A print of this Van Gogh hangs in my new bedroom. Whoever moved out left it behind. I had this semi-profound moment a few days ago when I was in bed and I took the time to stop and really look at the image. Something about the room within a room (my room) struck me as beautiful. Before studying it, I didn’t have strong feelings either way about the print being on the wall, but now I think it’s fitting:
The bedroom in the yellow house at Arles was of importance to Vincent van Gogh who decorated the room as part of his plan to have other artists live there and he was joined by Gauguin for a short time. By presenting his own room, the artist revealed a sense of personality and brings forth his instability. Van Gogh settled in Arles in February 1888 and painted more than 200 canvases in 15 months.
200 canvases in 15 months! I plan to have an equally ridiculous 15 months…in which I will create things, learn things, experience things, and seek inspiration and pleasure in all sorts of people and things, including myself. And at the end of those months, perhaps I will find myself in a new place altogether. Like Arles. Or Alabama.
Earlier tonight I was reading a newspaper article about this artist Marlene Jorge and I like her art so far, but what really struck me was this one line about her. It kind of came out of nowhere toward the end of the article. It was all about her exhibit, a last minute painting that she’d done, stuff like that, and then the article goes, “She believes that the purpose of pop culture is to distract the audience from reality, and for Jorge, there is no better distraction than the exploration of human beings.”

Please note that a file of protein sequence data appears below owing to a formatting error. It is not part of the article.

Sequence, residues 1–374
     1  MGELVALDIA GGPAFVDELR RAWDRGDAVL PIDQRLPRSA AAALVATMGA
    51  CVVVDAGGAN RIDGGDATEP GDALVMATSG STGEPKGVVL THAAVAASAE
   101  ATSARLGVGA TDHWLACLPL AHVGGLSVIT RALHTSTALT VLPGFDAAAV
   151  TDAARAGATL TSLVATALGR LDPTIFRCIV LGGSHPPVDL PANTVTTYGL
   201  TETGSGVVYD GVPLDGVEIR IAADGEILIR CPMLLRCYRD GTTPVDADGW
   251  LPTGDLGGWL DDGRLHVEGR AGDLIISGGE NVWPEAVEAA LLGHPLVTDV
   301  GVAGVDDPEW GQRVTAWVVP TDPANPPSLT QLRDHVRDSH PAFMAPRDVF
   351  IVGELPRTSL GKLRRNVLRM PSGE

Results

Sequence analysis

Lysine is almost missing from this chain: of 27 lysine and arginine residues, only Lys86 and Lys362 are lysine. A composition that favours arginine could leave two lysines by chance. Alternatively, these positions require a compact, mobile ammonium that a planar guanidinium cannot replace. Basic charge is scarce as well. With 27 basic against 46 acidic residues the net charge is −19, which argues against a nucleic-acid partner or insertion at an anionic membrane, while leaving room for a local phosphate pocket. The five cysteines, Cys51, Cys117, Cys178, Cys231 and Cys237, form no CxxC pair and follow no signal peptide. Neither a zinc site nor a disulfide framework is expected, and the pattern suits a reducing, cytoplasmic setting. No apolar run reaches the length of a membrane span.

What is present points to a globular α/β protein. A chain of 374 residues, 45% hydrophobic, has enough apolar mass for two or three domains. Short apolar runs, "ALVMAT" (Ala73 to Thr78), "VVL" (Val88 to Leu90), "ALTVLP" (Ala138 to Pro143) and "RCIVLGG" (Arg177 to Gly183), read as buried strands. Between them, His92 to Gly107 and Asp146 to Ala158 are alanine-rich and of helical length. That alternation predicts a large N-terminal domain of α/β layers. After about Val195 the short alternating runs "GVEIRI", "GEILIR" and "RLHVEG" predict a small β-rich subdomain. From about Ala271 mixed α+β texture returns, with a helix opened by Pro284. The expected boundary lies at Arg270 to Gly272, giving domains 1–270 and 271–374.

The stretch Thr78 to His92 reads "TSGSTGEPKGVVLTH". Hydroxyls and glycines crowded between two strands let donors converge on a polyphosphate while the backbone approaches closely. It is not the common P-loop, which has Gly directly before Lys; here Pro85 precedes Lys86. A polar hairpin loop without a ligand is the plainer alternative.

That is so confusing! The terms ‘pop culture’ and ‘reality’ mean different things to different people. And they seem to mean different things to Marlene Jorge than they do to me. I agree that pop culture can distract from reality. But I also think pop culture has the power to make its audience painfully (or wonderfully) aware of reality. When I first read that line I thought it was saying that Jorge was against pop culture due to what she believes are its reality-distracting ways. But reading the confusing line again, it seems to be saying that Jorge is a proponent.
A lot of the time I use pop culture as a distraction, but I don’t think any of us would be so fascinated by it if it didn’t occasionally make us think about things. Heavy things. Things we don’t have a firm grip on. Things like reality!
I suppose every artist needs to have artistic theories that define their art. Exploring human beings will for sure be a huge part of the 200 canvases of my next 15 months. But exploring them to distract from reality?! That’s silly. Perhaps Jorge means reality in the sense of, like, the “harsh” realities of the world. But when I think reality I think like Wikipedia: “The term reality, in its widest sense, includes everything that is, whether or not it is observable or comprehensible.” Why would anyone want their art to distract people from incomprehensible, inobservable things?! Those are probably the most fascinating, most inspiring things I can think of: “Reality in this sense includes being and sometimes is considered to include nothingness.” GOSH! If my art, whatever form it takes, could cause people to stop and meditate upon nothingness…now that would be something.